No more ‘awe’ factor for Gilas

By on 1:40 AM

MANILA, Philippines - Gilas coach Chot Reyes said the other day the inspiring hometown support that propelled the national team to a silver finish at the recent FIBA-Asia Championships here was critical in eliminating the “awe” factor that has been a negative element in previous international competitions.
“No more ‘awe’ factor,” said Reyes. “Now, we know we can compete with the big boys, that we can win. In the past, we would enter a tournament of that caliber with almost a defeatist attitude. But the homecrowd got us going, inspiring the guys to believe they can compete with the top teams in Asia after all. With our new mindset, it’ll be different when we compete abroad from now on.”
Even with naturalized player Marcus Douthit sitting out the finals, the Philippines fought powerhouse Iran tooth and nail until the final quarter when 7-2 Hamed Haddadi fired 10 of his 29 points in a fiery finish. Iran was up by only a point, 35-34, at the half and a buzzer-beating triple by Mahdi Kamrani ballooned the lead to nine, 62-53, starting the last period. Without Kamrani’s trey, the margin would’ve been a manageable six to open the last 10 minutes.
Reyes said he hopes to sit down with SBP president Manny V. Pangilinan and PBA commissioner Chito Salud soon to discuss options in preparing for Gilas’ campaign at the FIBA World Cup in Spain on Aug. 30-Sept. 14 next year. After the 2014 FIBA World Cup, the succeeding edition will be in 2019 and Reyes said that’s too far to think ahead. “I don’t even know if I’ll still be coaching six years from now,” he said.
But Reyes said it’s reasonable to prepare a plan, perhaps until the FIBA-Asia Championships in 2015, the regional qualifier for the 2016 Olympics in Rio de Janeiro. The 2015 FIBA-Asia Championships will be the last regional qualifier for the Olympics. Starting 2017, FIBA will use a two-year qualifying system for the World Cup. In 2019, the top finishers of the World Cup will be awarded automatic tickets to play at the 2020 Olympics. FIBA will hold Olympic qualifying tournaments in June 2020 to fill up remaining slots for the Olympics.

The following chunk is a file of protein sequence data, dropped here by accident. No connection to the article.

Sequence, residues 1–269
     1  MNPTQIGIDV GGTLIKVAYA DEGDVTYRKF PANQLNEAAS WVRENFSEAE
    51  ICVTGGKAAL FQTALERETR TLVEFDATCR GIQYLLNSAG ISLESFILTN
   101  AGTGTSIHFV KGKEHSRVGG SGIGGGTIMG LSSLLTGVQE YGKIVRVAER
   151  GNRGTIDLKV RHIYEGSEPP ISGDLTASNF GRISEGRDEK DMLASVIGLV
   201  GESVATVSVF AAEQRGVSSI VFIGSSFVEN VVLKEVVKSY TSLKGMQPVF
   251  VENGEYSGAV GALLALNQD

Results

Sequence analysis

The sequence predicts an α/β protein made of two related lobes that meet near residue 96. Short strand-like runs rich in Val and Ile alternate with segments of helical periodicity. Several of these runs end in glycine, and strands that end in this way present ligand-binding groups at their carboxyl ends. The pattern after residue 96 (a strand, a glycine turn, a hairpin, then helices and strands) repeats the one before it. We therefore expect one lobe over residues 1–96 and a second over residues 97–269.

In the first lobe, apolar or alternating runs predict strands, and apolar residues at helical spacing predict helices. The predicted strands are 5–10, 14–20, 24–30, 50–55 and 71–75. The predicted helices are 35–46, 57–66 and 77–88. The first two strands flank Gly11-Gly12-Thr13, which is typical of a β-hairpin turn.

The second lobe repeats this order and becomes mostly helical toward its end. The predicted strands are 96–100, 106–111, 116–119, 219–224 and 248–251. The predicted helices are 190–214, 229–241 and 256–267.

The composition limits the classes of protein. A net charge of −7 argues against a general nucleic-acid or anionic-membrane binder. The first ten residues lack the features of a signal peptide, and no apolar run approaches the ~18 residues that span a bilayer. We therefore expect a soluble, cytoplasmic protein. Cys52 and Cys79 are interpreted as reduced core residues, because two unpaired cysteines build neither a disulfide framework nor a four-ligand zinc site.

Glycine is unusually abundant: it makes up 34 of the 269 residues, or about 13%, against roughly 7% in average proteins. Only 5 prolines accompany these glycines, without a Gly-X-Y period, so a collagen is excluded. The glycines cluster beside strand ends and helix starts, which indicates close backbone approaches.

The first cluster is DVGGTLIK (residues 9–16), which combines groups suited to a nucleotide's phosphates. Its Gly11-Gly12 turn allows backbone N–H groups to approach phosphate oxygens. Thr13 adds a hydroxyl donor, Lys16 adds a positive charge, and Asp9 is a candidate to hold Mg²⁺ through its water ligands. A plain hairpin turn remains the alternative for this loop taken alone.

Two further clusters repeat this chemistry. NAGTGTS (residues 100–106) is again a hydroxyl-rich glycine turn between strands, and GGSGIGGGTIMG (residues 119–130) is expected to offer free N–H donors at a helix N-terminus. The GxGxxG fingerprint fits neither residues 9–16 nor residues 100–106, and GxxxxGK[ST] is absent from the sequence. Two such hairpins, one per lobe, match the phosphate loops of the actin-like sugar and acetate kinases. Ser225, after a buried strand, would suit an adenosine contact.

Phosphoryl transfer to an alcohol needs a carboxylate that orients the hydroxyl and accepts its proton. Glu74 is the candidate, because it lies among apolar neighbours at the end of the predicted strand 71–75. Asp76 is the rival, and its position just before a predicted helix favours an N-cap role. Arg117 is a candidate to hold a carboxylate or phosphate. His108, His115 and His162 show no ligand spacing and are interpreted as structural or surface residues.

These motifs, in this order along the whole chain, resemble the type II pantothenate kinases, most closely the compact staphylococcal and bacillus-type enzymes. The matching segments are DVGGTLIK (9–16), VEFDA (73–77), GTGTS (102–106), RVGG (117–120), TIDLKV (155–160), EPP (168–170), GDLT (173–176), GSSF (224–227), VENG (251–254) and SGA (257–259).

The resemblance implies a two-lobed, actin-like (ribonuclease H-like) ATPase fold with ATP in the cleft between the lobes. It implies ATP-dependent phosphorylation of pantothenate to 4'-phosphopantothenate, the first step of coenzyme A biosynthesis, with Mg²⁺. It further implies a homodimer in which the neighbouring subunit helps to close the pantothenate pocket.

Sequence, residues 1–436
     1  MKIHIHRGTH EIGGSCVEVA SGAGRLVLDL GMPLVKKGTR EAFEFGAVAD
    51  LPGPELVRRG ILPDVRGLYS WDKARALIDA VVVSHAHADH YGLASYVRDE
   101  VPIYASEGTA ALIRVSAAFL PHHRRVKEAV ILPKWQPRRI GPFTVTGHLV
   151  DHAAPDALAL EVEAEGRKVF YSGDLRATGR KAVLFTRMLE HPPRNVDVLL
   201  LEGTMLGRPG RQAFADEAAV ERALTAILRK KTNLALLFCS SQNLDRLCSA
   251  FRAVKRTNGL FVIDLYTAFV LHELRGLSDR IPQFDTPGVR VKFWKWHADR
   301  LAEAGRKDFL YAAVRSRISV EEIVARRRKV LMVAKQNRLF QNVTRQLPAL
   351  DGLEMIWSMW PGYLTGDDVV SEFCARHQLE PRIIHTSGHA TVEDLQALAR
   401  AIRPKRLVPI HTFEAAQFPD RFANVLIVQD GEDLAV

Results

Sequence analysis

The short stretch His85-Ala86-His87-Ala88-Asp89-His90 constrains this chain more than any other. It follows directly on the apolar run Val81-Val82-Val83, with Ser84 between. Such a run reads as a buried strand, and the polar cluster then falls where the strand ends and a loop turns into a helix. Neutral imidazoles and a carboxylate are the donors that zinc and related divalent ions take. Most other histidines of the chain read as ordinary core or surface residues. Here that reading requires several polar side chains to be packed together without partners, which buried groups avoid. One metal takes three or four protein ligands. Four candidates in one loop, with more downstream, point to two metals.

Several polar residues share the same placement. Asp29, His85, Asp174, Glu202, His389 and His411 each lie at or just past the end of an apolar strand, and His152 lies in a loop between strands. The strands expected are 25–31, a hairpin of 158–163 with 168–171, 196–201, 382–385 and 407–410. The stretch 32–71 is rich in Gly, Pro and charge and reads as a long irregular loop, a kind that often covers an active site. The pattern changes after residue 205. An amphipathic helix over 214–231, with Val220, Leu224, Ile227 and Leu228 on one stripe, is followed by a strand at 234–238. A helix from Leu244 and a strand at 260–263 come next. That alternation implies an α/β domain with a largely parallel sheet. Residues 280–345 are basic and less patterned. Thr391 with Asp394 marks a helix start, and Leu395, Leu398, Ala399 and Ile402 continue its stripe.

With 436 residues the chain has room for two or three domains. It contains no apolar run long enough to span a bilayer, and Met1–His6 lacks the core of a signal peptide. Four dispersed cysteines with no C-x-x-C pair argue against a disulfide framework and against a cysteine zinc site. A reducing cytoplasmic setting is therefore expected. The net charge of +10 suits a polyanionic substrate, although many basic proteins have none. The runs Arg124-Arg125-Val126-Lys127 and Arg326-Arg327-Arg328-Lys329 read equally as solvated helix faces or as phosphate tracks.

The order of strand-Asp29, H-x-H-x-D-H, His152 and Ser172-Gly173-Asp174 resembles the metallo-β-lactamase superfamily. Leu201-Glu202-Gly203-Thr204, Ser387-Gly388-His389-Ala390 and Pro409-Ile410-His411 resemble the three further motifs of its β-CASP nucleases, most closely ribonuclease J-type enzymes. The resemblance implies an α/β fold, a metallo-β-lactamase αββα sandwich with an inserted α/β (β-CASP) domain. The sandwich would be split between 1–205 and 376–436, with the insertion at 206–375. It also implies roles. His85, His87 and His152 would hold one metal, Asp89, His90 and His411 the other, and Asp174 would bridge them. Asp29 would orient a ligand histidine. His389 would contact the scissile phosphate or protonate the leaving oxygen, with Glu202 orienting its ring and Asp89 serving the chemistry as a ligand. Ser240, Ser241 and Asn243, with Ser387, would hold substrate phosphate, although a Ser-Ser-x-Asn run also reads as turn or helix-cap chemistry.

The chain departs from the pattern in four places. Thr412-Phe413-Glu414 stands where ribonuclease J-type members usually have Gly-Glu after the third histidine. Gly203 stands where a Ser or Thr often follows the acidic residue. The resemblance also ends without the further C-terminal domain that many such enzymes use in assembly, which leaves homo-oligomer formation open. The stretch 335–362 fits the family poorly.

“I haven’t studied the ramifications of FIBA’s new qualifying system for the 2019 World Cup and 2020 Olympics,” said Reyes. “All I know is there will be home-and-away qualifying games for the 2019 World Cup which is a welcome development since national teams are guaranteed to play some qualifiers at home. But I understand there will be six windows over a two-year period wherein these home-and-away games will be played. I think there will be a conflict with the schedule of games in the Euroleague and NBA, not to forget our PBA. That conflict has to be resolved if FIBA wants the best players to show up at the World Cup.”
Reyes said he’s aware that the next Asian Games will be played in Incheon, South Korea, on Sept. 19-Oct. 4. “If the decision is for Gilas to play in the Asian Games, I think our participation in the World Cup will be a perfect run-up for Incheon,” noted Reyes. “We’re assured to play five games during the preliminaries in Spain and our goal is to make it to the second round.”
The preliminaries will be played in four cities in Spain from Aug. 30 to Sept. 4. The first stage of the two-level knockout quarterfinals will be played on Sept. 6 and 7 in Madrid and Barcelona. The second stage of the knockout quarterfinals is scheduled on Sept. 9 and 10. The earliest Gilas will leave Spain is Sept. 5, the day after the end of the preliminaries, or two weeks before the start of the Asian Games.
Reyes said depending on the 24-nation World Cup draw in February, the Philippines might get lucky and join a bracket without the top teams. Two wins in five games in the preliminaries will guarantee a slot in the knockout quarterfinals, the second phase of the eliminations.
Beyond 2017, Reyes said it will take a lot of coordination and planning with the SBP and PBA to prepare for the next World Cup and Olympics. “Even now, it will take a lot of that to prepare for the World Cup in Spain, working around the schedule of the PBA to free up our Gilas players for practice with the national team,” said Reyes. “A lot of things can happen up to the World Cup, injuries, unforeseen developments. We’re keeping our options open in tweaking our lineup but we’re definitely bringing everyone on our silver medal team to Spain.”
Reyes said if the PBA ends next season on Aug. 13, it will leave only 10 to 12 days of preparation for the World Cup. National teams that have played together for years usually take 50 days of training before an international tournament like the FIBA-Asia Championships, it was confirmed by coaches from Kazakhstan and Qatar.